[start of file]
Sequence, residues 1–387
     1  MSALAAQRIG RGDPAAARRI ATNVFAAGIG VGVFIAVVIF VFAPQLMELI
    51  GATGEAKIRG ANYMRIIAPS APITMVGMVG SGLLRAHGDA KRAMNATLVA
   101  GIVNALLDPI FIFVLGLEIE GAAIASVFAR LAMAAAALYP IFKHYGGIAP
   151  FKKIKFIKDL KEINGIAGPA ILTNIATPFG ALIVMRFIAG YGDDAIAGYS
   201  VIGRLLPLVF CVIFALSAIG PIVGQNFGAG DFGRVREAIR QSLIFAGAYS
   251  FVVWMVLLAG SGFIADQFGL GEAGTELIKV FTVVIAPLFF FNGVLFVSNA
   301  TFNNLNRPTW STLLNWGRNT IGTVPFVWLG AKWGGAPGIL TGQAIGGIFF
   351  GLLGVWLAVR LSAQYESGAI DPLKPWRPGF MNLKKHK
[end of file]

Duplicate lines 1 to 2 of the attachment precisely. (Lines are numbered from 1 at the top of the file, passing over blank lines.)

Sequence, residues 1–387
     1  MSALAAQRIG RGDPAAARRI ATNVFAAGIG VGVFIAVVIF VFAPQLMELI